The Joy of Aid Work

My friend recently shared this status update on Facebook. Her description of the joy of aid work resonated with me as I thought it would with readers of

Kirsten Weeks [in Zambia] “realizes that I am happiest on days like today that start with a 6am departure to the airport, visits to a cotton gin, talks with small holder farmers, focus groups at ART clinics with potential problem solving to address nutrition issues, long car rides through rural villages and solving personal life problems under African skies with good friends and good food and great stars – am thinking I want to move back to Southern Africa sooner than I thought…”

When I asked her if I could share her thoughts on, she wrote,  “Real life is with real people sharing real experiences, in African villages or in American cities and towns, not necessarily in sterile cubicles and offices anywhere in the world.”


Where do you find the joy of aid work? Kindly share your thoughts in the comments section.


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  1. It is nice to hear Kirsten speak of the ‘joy’, when far too often we speak of the frustrations, the cynicism. It is a privilege to work in this industry. Kirsten is extremely privileged to do what she does. However, desk-based work should not be looked down upon or derided; compared to the ‘real’ life of working in the field. Most aid & development work is desk-based and we should find joy in what ever capacity we happen to work.

  2. Agreed Brendan. I think what Kristen describes so well is the connection she feels and that can certainly occur between people, regardless of their location.

    Here’s a great article on the joy of aid work on the Social Media 4 Good site: and some great comments on the post on the Peace & Collaborative Development Network:

  3. Agreed! Connecting with people, anywhere, being a part of sustainable development anywhere is what charges me. It is different for my husband who seems to be charged by writing, reading, and delving into the ancient wisdom that so many have forgotten.

    The best thing, in my opinion, is that we all do what is best for us, whether outside, inside, with others or alone.

  4. Clement N Dlamini

    For me the joy of working with rural communities is when the beneficiaries feel motivated to take charge of their situation. I have encouraged communities to appreciate the wealth of knowledge they have at their disposal especially with regards their habitation (during assessments they have educated me about the good and bad in their community). When they become aware of the fact that they are their biggest resource to solving community related problems it puts a smile on my face. I always utilize the strengths based approach to working with communities and this encourages them to keep believing that they are the agents of change within their community settings.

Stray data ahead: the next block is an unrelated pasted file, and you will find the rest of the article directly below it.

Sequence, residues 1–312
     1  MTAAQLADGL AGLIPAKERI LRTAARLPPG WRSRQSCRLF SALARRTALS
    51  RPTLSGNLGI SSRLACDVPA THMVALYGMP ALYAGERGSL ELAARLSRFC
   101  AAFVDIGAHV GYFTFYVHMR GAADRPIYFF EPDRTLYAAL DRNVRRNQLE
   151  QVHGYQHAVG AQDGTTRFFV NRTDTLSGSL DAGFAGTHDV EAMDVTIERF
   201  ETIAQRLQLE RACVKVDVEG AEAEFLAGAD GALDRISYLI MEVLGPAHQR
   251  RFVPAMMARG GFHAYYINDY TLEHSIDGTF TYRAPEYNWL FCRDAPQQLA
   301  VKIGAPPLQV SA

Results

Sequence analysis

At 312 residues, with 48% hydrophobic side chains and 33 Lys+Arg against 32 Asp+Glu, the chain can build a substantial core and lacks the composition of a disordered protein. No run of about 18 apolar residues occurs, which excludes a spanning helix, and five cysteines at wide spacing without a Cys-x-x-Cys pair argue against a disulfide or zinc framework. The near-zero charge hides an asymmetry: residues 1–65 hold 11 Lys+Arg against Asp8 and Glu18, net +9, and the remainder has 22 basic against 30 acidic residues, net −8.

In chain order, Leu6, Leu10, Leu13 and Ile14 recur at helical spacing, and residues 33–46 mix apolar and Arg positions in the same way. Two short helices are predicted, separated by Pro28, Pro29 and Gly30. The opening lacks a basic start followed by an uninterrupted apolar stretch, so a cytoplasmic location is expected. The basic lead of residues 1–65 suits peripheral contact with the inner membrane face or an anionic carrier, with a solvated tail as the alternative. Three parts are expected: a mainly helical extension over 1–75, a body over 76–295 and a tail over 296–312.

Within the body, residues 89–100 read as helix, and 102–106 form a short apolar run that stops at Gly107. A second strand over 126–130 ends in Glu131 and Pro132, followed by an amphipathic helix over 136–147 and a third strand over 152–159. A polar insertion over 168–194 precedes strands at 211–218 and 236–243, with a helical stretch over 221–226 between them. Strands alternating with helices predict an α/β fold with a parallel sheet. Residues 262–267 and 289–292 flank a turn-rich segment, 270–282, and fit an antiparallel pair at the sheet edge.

5. Moji Giman

    The real joy of aid work to me is in the fulfillment and sense of purpose I derive from adding value to a life on a daily basis -whether under the crystal african starry skies or sterile cubicles or skyscrapers of America-the pertinent question to me is-how have I made today worth living for that needy person, for that youth journeying through the maze of life,for that person who is being oppressed for standing for the truth? I cant solve all the problems of this world.but in some way,I can do a golden deed for at least one person per day.

  6. Spending time with people and their organisations, helping them to develop ideas, strategise and then to find the resources they need to bring about the changes they want to see. So it’s much more about putting people in touch with each other to share their respective skills and experience than it is about moving money around. Cash is a necessary but not sufficient resource and, in my experience, is more often than not a distraction. Get the relationships right first!

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